When the Pope Finds “Selfies” Inappropriate

The intellectually-challenged media loves to report on the Pope posing for “selfies,” but they ignore something more interesting. One of the things that has impressed me about His Holiness Pope Francis from the beginning of his Pontificate is the solemnity with which he celebrates the liturgies of the Church. It is a striking contrast from the previous two pontificates to see an entrance procession to Mass with a serious looking Pope; one who is studied in the way he does not greet the faithful who are cheering for him. Both Popes John Paul II and Benedict XVI would acknowledge the faithful on the way to the altar, blessing the faithful and stopping occasionally to kiss a small child. Noticeably different is Pope Francis. I noticed this last year during the Palm Sunday Mass. Likewise this year, we witnessed a very serious Pope as he entered into the mystery of Holy Week–he processed, eyes downcast, seriously considering the mystery. Francis1

Just as Pope Benedict made very deliberate decisions in support of the proper celebration of the liturgy, so too it seems that Pope Francis is doing the same. In particular, he seems to be modeling for us the proper disposition as we approach the altar. When the Second Vatican Council called for active participation (actuosa participatio) of the faithful at Holy Mass, it echoed the call of Pope St. Pius X who said, “Don’t pray at Holy Mass, pray the Holy Mass.”  Actual participation regards most especially the uniting of one’s heart and mind to the Mystery. Saying things out loud is secondary. The Mass is worship par excellence–the most fitting worship to Almighty God. The Mass is not evangelization (though, admittedly, it may serve as such to individual hearts open to our Lord’s grace), but the basic requirement of justice that we owe God. It is where we enter the mystery–where we see Christ as Priest and Victim and where we unite ourselves also with the offering of Christ to the Father. The very person of the priest should recede into the background, because it is not the Pope or Father offering the Sacrifice at the altar, it is Christ. Likewise, we, the lay faithful, should recede into the background. The Mass is not the time for individual expression, for such risks elevating the creature rather than the Creator as the focus of worship (or at least distracts from the true focus). Solemnity in the presence of the Creator of the universe is what is necessary, not a crude, modern, so-called imitation of people in first century Jerusalem waving palm branches, throwing coats, or dancing before Christ. The latter is the essence of a “selfie,” not worship.Francis2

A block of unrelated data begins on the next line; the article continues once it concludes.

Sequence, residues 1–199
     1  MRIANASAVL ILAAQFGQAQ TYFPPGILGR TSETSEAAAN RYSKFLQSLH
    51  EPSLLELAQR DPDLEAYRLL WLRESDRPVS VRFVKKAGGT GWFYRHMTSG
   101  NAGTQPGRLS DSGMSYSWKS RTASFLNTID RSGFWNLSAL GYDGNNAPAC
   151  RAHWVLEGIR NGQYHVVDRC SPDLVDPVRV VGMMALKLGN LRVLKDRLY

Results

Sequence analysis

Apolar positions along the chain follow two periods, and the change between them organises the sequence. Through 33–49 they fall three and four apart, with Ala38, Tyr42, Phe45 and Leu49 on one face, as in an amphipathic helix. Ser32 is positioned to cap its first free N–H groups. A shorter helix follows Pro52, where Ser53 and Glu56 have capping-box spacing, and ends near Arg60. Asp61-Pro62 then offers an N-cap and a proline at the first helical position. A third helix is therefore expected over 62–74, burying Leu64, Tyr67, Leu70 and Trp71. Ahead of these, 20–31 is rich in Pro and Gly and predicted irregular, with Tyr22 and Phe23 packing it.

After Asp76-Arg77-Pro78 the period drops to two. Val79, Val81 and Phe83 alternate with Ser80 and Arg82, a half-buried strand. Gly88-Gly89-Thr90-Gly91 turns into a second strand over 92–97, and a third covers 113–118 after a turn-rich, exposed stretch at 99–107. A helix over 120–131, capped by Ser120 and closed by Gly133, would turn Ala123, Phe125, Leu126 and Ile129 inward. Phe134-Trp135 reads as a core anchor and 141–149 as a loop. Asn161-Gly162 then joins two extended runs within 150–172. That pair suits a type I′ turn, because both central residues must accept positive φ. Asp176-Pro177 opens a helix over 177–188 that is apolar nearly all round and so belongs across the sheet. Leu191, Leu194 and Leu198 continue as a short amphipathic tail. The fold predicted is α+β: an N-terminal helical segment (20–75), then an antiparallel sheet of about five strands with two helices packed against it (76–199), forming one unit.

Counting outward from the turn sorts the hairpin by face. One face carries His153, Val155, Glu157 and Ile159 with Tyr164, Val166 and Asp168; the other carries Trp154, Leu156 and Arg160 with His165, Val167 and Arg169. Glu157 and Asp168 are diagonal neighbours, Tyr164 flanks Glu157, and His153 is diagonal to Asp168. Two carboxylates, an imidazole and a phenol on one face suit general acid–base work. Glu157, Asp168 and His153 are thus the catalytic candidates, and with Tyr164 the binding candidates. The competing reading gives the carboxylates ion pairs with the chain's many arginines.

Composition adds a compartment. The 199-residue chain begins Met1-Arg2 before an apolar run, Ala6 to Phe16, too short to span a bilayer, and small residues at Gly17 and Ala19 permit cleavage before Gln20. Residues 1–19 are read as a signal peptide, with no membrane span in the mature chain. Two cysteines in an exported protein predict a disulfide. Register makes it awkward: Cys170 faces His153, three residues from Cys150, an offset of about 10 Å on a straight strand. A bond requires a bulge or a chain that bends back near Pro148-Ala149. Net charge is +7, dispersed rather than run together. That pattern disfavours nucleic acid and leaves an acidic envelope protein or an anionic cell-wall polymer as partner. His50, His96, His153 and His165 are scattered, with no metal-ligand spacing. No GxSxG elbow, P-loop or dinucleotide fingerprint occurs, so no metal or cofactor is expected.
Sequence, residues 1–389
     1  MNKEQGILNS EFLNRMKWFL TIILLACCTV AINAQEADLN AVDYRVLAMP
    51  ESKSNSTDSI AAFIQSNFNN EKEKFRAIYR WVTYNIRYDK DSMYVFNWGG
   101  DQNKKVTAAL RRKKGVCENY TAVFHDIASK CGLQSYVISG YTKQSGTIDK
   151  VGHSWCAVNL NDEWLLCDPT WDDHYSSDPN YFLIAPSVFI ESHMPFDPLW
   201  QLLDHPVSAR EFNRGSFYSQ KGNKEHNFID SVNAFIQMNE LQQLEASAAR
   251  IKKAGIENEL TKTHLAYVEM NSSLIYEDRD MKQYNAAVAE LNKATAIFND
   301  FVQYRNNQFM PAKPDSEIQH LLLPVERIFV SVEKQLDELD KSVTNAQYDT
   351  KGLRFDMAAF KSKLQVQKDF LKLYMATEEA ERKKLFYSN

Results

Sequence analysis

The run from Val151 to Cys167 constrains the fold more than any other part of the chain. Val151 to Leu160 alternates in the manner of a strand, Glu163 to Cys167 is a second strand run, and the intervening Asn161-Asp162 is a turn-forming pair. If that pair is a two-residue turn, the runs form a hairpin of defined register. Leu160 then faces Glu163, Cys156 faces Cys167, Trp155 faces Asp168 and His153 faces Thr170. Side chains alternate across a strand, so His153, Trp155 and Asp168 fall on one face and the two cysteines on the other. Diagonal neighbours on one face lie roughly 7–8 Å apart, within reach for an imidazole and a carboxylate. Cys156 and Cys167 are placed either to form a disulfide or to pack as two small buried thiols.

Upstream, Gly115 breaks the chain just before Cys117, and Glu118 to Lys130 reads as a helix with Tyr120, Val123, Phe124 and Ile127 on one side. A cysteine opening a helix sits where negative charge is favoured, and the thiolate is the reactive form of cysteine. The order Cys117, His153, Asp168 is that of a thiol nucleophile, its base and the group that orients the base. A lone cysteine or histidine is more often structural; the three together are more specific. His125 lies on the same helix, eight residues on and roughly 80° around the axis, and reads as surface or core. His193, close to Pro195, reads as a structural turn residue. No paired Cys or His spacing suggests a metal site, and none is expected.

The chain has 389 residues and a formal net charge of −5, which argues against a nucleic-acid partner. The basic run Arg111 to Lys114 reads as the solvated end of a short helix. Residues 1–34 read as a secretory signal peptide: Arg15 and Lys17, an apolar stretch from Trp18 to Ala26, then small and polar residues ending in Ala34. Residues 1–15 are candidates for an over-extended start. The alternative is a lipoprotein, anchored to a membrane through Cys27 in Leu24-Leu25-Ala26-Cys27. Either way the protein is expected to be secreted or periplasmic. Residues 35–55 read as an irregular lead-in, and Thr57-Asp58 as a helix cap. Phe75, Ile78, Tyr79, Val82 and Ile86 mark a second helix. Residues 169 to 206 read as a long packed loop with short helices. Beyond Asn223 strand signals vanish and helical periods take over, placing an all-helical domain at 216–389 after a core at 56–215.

The solemnities of Holy Week offer us an opportunity to go out of ourselves and more fully enter the mystery of our salvation. By uniting our hearts and minds to the liturgy of the Church, let us join ourselves with the angels and saints in the true worship of Our Blessed Lord. Let us follow the Pope in keeping Christ the focus, that “He may increase and we may decrease.”

This article, When the Pope Finds “Selfies” Inappropriate is a post from The Bellarmine Forum.
Do not repost the entire article without written permission. Reasonable excerpts may be reposted so long as it is linked to this page.

John M. DeJak

John M. DeJak is an attorney and Latin teacher and works in academic administration. He writes from Ann Arbor, Michigan.
  • Fr Maroun from St James in Carthage NY had the amazing gift of drawing the parish deeply into the mystery of the Eucharist such that he, and everyone else seemed to fade into the background.

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